Gloria Waggoner has the sort of face that stands out.
An effortless smile, alert eyes. Some starting wrinkles that warm her face rather than age it.
But many may not know what else defines the Coeur d'Alene woman.
Like how she played a role in the building of the Kroc Center, where she is now program director, and that she works with multiple organizations to promote the arts in North Idaho.
"People. Simply people and the joy of seeing quality of life," Waggoner said of why she gets involved. "It's all about building community."
Fortunately for Coeur d'Alene, many here share the sentiment.
To get an idea of just how many, visit the brick wall on the west side of Pita Pit on Sherman Avenue.
Displayed there is the painstakingly cobbled art project Portrait of A Town, featuring portraits of 220 Kootenai County residents like Waggoner who contribute to the community.
At Sunday's official unveiling of the project, creator Barbara Mueller said she tried to include a diverse swath of the local population.
"We weren't looking to get only the officials, only the volunteers," the Coeur d'Alene artist said.
The constellation of faces includes some perhaps better known than others. There is Coeur d'Alene Mayor Sandi Bloem, Coeur d'Alene School District Superintendent Hazel Bauman, prominent businessman and Hayden Mayor Ron McIntire.
But there are also juggling kids from Sorensen Magnet School, volunteers from sundry nonprofits, teachers, small business owners.
Mueller had a new favorite subject every day, she said.
"(A subject) would say, 'I work for this nonprofit, and there is one and a half paid people and 70 volunteers.' I would hear that all the time," Mueller said. "Ordinary people doing extraordinary things. That's what it's all about. That's what Coeur d'Alene is all about."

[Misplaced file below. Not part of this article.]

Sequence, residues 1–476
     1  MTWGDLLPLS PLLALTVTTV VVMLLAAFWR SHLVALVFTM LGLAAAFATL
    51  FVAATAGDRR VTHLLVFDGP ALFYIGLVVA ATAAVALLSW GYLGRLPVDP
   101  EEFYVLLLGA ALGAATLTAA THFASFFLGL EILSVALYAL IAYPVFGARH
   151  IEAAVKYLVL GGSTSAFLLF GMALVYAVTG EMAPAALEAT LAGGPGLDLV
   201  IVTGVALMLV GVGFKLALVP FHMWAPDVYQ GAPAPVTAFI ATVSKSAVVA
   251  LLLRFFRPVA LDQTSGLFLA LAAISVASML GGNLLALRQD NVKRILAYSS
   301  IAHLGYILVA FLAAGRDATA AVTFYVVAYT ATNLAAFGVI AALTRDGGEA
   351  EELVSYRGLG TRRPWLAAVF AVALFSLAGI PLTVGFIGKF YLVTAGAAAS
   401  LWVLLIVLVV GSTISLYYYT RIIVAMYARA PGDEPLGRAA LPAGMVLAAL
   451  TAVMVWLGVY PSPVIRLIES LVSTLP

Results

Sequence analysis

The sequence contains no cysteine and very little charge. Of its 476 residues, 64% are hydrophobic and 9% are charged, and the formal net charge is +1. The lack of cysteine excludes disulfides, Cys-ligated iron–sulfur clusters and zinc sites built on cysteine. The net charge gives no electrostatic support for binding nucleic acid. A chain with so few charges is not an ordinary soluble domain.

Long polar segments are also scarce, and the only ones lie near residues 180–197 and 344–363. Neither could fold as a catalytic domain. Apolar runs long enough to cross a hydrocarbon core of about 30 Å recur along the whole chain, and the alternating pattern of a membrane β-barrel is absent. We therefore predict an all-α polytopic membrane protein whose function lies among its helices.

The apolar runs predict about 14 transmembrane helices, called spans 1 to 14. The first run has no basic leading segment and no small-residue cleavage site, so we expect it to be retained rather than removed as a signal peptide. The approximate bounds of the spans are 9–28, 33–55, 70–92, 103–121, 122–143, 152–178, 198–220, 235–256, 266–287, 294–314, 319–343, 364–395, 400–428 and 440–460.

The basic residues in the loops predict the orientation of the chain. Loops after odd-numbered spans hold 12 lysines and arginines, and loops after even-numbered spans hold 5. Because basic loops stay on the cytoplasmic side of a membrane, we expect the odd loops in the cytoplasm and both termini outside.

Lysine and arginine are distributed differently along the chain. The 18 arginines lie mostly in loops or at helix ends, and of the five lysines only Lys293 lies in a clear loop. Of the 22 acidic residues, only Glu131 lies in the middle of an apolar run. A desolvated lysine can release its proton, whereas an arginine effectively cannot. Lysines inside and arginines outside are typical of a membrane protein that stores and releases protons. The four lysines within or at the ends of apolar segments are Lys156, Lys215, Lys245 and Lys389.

Mueller's interviews of each subject will be available at portraitofatown.com in July, she said.
Portions of the interviews can be downloaded now on smartphones from a sign beside the display.
"I feel like I'm looking at a wall of my friends," said Mueller, who has been photographing and editing since April. "They've been in my life every day the last few months."
Kathy Hlebichuk had her picture taken on Saturday beside her portrait in the display.
The Post Falls woman was chosen, she said, because of her work with the regional chapter of the Pancreatic Cancer Action Network.
"I did it nine years by myself, and then I was able to get a team together," said Hlebichuk, whose sister died of pancreatic cancer 12 years ago. "It's just a cancer you just don't know about, and funding for research is really sad. We try to create awareness and raise funds. This organization is doing a great job."
She hopes the art project might help her cause, she said.
"I was very humbled," she said of being included.
Former state senator Mary Lou Reed is also featured in the display with her husband, attorney Scott.
"I think it's just dazzling to be have this quality of pictures," Mary Lou said, scanning the black and white visages. "Every wrinkle we have, her camera caught everything."
She lauded the project as capturing the feel of the area.
"This gives a visual sense of the community," she said.
The project will be on display for a year. Mueller said the Coeur d'Alene Public Library Foundation has also become involved to hopefully archive and continue the project.
Coeur d'Alene resident Jan Carr was impressed as she stared at the display.
"It just looks very urban and interesting," Carr said. "I like the black and white. I like how it's all unified."
Adding that she knows about 50 percent of the subjects, Carr lauded the exposure of beloved members of the area.
"It's incredible art," she said.
Kelly Lattin gazes at the "portrait of a town" installment as she and Ruth Pratt, director of the Coeur d'Alene Library Foundation, pack up after the unveiling Sunday afternoon.
Tim Grothman looks at the many faces shown on the "portrait of a town" installment in Sherman Park Sunday.